Chris Rock Reads James Baldwin’s Still Timely Letter on Race in America: “We Can Make What America Must Become”

A black quar­ter­back refus­es to stand dur­ing the nation­al anthem—a song, inci­den­tal­ly, writ­ten by a “patri­ot” who was also a “big­ot” and slave­own­er, “vehe­ment­ly opposed to abo­li­tion.” The quar­ter­back declares that he will not “show pride in a flag for a coun­try that oppress­es black peo­ple and peo­ple of col­or.” The quar­ter­back is told he has dis­re­spect­ed the coun­try, the police, and the mil­i­tary. His crit­ics become enraged, apoplec­tic. He is told he should leave the coun­try. He is mocked by thou­sands of peo­ple who point to his wealth and priv­i­leged, adop­tive upbring­ing. An upbring­ing among white peo­ple. Such suc­cess, the under­ly­ing log­ic goes, and such a child­hood should have made the quar­ter­back patri­ot­ic, grate­ful, col­or­blind.…

What if the quar­ter­back had not grown up priv­i­leged, but in one of many com­mu­ni­ties of col­or that bear the brunt of well-doc­u­ment­ed but most­ly ignored police vio­lence and insti­tu­tion­al dis­crim­i­na­tion and impov­er­ish­ment? How would his actions be received then? We can imag­ine much the same, giv­en the reac­tion to ear­li­er, less-priv­i­leged sports fig­ures, to Black Lives Mat­ter pro­test­ers around the coun­try, and to move­ments of the past. (Until last year, nine men in South Car­oli­na still bore con­vic­tions for tres­pass­ing after their sit-in protests in 1961.) Protest­ing the country’s racist past and present—like protest­ing the country’s wars, inequal­i­ty, or envi­ron­men­tal depredations—is crim­i­nal, we’re told, blas­phe­mous, tan­ta­mount to trea­son… or ter­ror­ism. The nation is inno­cent of all charges, and the pro­tes­tors are bit­ter, naive, hate­ful, and worse. For read­ers of James Bald­win, it all sounds ter­ri­bly famil­iar.

Bald­win’s is a dif­fi­cult lit­er­ary lega­cy: while we rejoice that he is still so often read, we lament that so many of his con­tem­po­rary obser­va­tions remain rel­e­vant. In 1962, Bald­win pub­lished an essay in The Pro­gres­sive in the form of a let­ter to his nephew, James. Lat­er col­lect­ed in The Fire Next Time, the let­ter pro­vid­ed the inspi­ra­tion for Ta-Nehisi Coates’ recent best­seller, Between the World and Me, writ­ten as a let­ter to his then 15-year-old son. In the video above—from this January’s star-stud­ded MLK Now cel­e­bra­tion—Chris Rock reads Baldwin’s pas­sion­ate let­ter, itself an act of protest, unpa­tri­ot­ic, if you like, in which he levies the same charges against the nation as Col­in Kaeper­nick has fifty-four years lat­er.

“This is the crime of which I accuse my coun­try and my coun­try­men,” writes Bald­win, “and for which nei­ther I nor time nor his­to­ry will ever for­give them, that they have destroyed and are destroy­ing hun­dreds of thou­sands of lives and do not know it and do not want to know it.”

Now, my dear name­sake, these inno­cent and well mean­ing peo­ple, your coun­try­men, have caused you to be born under con­di­tions not far removed from those described for us by Charles Dick­ens in the Lon­don of more than a hun­dred years ago. I hear the cho­rus of the inno­cents scream­ing, “No, this is not true. How bit­ter you are,” but I am writ­ing this let­ter to you to try to tell you some­thing about how to han­dle them, for most of them do not yet real­ly know that you exist. I know the con­di­tions under which you were born for I was there. Your coun­try­men were not there and haven’t made it yet. Your grand­moth­er was also there and no one has ever accused her of being bit­ter. I sug­gest that the inno­cent check with her. She isn’t hard to find. Your coun­try­men don’t know that she exists either, though she has been work­ing for them all their lives.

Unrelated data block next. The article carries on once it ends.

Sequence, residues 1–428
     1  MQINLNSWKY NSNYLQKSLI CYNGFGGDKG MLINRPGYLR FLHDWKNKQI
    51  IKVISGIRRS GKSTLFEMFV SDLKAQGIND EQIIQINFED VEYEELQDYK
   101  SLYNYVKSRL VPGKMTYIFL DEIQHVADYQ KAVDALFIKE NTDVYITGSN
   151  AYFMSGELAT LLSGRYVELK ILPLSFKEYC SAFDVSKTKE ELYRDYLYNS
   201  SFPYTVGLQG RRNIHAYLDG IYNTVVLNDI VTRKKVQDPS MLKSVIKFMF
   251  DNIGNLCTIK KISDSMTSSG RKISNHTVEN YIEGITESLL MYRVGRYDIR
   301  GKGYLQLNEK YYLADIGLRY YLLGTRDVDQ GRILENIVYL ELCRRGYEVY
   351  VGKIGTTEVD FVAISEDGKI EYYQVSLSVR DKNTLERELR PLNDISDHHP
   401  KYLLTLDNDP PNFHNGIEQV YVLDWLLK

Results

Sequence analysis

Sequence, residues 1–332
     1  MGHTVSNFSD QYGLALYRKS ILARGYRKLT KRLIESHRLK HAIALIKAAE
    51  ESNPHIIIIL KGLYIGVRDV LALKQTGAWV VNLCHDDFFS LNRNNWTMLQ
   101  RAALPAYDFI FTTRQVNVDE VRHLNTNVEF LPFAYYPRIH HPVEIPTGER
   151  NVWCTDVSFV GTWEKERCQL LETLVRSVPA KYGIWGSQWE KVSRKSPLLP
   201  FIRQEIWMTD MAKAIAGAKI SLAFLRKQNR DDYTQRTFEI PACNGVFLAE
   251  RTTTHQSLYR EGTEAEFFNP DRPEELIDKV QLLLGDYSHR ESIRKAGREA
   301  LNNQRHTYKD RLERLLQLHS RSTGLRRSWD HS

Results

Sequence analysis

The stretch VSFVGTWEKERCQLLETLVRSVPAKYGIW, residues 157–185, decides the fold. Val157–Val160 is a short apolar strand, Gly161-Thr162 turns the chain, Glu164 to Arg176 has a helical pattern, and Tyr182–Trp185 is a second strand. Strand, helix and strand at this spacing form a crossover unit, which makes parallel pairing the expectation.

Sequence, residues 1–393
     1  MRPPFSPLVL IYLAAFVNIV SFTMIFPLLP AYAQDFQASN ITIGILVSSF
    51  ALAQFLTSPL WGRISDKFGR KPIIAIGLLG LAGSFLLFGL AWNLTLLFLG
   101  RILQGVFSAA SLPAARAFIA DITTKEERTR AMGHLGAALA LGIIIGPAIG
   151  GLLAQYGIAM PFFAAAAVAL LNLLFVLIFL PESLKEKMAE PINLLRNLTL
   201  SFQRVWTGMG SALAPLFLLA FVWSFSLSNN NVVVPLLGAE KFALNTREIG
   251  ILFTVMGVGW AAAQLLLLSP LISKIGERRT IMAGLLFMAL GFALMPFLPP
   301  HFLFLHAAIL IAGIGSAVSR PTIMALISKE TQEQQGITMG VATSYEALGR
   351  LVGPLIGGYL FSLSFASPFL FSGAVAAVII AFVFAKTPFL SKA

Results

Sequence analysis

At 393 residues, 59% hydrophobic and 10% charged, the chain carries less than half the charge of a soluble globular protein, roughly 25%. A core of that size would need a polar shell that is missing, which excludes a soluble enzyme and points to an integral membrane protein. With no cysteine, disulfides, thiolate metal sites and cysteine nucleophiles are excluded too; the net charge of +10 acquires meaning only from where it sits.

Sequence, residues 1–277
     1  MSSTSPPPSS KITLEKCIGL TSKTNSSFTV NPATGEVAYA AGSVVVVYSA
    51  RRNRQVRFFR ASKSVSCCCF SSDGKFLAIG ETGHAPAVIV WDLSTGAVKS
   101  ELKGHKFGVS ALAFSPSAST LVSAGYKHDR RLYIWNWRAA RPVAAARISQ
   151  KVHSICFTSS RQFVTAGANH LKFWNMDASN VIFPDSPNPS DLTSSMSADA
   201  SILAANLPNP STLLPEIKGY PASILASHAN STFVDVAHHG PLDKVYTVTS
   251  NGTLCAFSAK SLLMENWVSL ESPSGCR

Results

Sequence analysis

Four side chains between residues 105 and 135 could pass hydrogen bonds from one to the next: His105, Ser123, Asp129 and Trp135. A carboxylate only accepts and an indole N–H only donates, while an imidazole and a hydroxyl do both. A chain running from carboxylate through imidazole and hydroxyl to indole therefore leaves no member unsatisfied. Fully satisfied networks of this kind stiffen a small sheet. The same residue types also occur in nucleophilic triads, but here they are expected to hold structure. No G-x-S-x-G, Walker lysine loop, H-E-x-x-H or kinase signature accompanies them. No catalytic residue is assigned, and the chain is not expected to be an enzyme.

Baldwin’s iron­ic insis­tence on the country’s “inno­cence” is com­plex, his lan­guage filled with the cos­mic imagery of the jere­mi­ad. The peo­ple Bald­win speaks of real­ly are in a sense “inno­cent,”  in that they too are vic­tims, “still trapped in a his­to­ry which they do not under­stand and until they under­stand it, they can­not be released from it.” Peo­ple, as Coates put it, trapped in an unre­al dream. “We can­not be free,” he writes, “until they are free.” With the com­ing of civ­il rights-era fights against racism, how­ev­er, “those inno­cents who believed that your impris­on­ment made them safe are los­ing their grasp of real­i­ty.”

Nonethe­less, he urges his nephew to stay and “with love… force our broth­ers to see them­selves as they are, to cease flee­ing from real­i­ty and begin to change it.” Despite the grim, prophet­ic tenor of his mes­sage, Bald­win ends on a note of hope, one that rec­og­nizes love of coun­try not as sen­ti­men­tal, rit­u­al­ized loy­al­ty pledges, but as a strug­gle and a reck­on­ing with that coun­try’s ugly truths:

For this is your home, my friend. Do not be dri­ven from it. Great men have done great things here and will again and we can make Amer­i­ca what Amer­i­ca must become.

Relat­ed Con­tent:

James Bald­win Debates Mal­colm X (1963) and William F. Buck­ley (1965): Vin­tage Video & Audio

James Baldwin’s One & Only, Delight­ful­ly-Illus­trat­ed Children’s Book, Lit­tle Man Lit­tle Man: A Sto­ry of Child­hood (1976)

Ralph Elli­son Reads from His Nov­el-in-Progress, June­teenth, in Rare Video Footage (1966)

Josh Jones is a writer and musi­cian based in Durham, NC. Fol­low him at @jdmagness

by | Permalink | Comments (1) |

Sup­port Open Cul­ture

We’re hop­ing to rely on our loy­al read­ers rather than errat­ic ads. To sup­port Open Cul­ture’s edu­ca­tion­al mis­sion, please con­sid­er mak­ing a dona­tion. We accept Pay­Pal, Ven­mo (@openculture), Patre­on and Cryp­to! Please find all options here. We thank you!

Comments (1)
You can skip to the end and leave a response. Pinging is currently not allowed.

Leave a Reply

Open Culture was founded by Dan Colman.